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Updated by Joanna James on May 02, 2024
Headline for Facts about the Big Buddha temple Koh Samui – A majestic symbol of steadfastness
Joanna James Joanna James
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Facts about the Big Buddha temple Koh Samui – A majestic symbol of steadfastness

The Big Buddha statue is one of the first things you will see if you're arriving at Koh Samui by air. This majestic statue is one of the most famous attractions of this beautiful island paradise.


How to get there

The Big Buddha statue is one of the first noticeable things you'll see as you're flying into Koh Samui. It is located only 3km north of the international airport and just 3km from Bophut Beach and 7.5km from the famous Chaweng beach. Travelling from either of these locations you can easily find a bus to get there but in honesty, the best way to travel around this island is to rent a motorbike – the freedom it allows is priceless. To get an authentic cultural experience, try to visit the temple in the early morning; when the locals bring their offerings.


Where to stay

In Koh Samui you will have no shortage of places to stay – the island is very accommodating of tourists and there are amazing resorts all over the island - having said that it should be noted that Chaweng beach resorts do tend to stand out from the rest. Anantara Lawana Koh Samui Resort is among the best of those. If you're visiting check it out, you won't be disappointed.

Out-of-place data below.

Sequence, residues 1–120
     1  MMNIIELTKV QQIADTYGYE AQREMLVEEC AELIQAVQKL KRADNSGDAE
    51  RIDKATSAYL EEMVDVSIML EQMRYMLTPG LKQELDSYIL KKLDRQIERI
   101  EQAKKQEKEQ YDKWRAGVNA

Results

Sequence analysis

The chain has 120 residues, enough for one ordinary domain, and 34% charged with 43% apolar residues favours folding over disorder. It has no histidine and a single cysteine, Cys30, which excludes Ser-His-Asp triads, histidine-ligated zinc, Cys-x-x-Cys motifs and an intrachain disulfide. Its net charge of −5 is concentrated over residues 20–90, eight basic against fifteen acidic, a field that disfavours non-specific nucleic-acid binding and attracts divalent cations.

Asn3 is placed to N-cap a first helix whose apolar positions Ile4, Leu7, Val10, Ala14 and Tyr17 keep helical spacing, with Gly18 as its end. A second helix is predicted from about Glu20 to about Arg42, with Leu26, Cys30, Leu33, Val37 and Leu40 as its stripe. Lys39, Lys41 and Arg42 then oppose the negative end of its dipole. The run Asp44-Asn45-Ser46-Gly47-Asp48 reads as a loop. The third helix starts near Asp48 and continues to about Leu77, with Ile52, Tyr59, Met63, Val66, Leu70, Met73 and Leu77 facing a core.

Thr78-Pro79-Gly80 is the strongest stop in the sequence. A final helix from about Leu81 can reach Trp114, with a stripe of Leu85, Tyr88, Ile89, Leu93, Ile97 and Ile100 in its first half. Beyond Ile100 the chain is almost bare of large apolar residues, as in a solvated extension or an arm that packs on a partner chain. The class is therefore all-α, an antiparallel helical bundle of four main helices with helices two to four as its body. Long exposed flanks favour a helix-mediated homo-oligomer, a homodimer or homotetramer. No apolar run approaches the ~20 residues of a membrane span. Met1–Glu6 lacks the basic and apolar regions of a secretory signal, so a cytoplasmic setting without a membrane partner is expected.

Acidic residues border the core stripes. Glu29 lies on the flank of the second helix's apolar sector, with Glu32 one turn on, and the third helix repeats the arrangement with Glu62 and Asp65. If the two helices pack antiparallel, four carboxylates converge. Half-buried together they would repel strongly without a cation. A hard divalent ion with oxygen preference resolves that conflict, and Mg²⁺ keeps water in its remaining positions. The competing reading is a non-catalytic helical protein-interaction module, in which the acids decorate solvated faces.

The Big Buddha is located on the north-eastern corner of Koh Samui on a small rocky island known as Koh Faan. This tiny island is connected to the Koh Samui by a causeway and offers quite a scenic trip to the temple. The locals call the Big Buddha temple Wat Phra Yai. The 12m tall statue was built in 1972 and is easily one of the most popular attractions on the island. It's the first and most noticeable landmark people see if they are flying into Koh Samui as it sits majestically on its rocky perch.



The Big Buddha statue is built so it is sitting in the posture known as the 'Mara Posture' – the left hand resting on the lap while the right-hand faces down. It is said that the demon Mara tried to sway the Buddha from his journey to enlightenment by throwing desires and many distractions at him. But the Buddha overcame all of that in this meditative pose and remaining calm. This posture is now associated as a symbol of steadfastness, purity and enlightenment.


The temple

The temple is frequented by many visitors both travellers and tourists alike. The main courtyard around the Big Buddha statue has a small area where vendors sell amulets, religious artefacts, clothing and souvenirs – there are also two smaller statues placed under pavilions here. A colourful staircase adorned with a dragon leads the way to the giant statue. During the day the temple offers great views of the sea and by night the statue is lit up with the golden glow of spotlights making it seem quite other-worldly and magnificent.



Just as many other places the temples serve as the focal point for most cultural celebrations. In Koh Samui, the most popular is Loy Kratong or Songkran. During this time many people crowd to the temple and many food markets and stall pop-up all over. There is a lot of entertainment and excitement.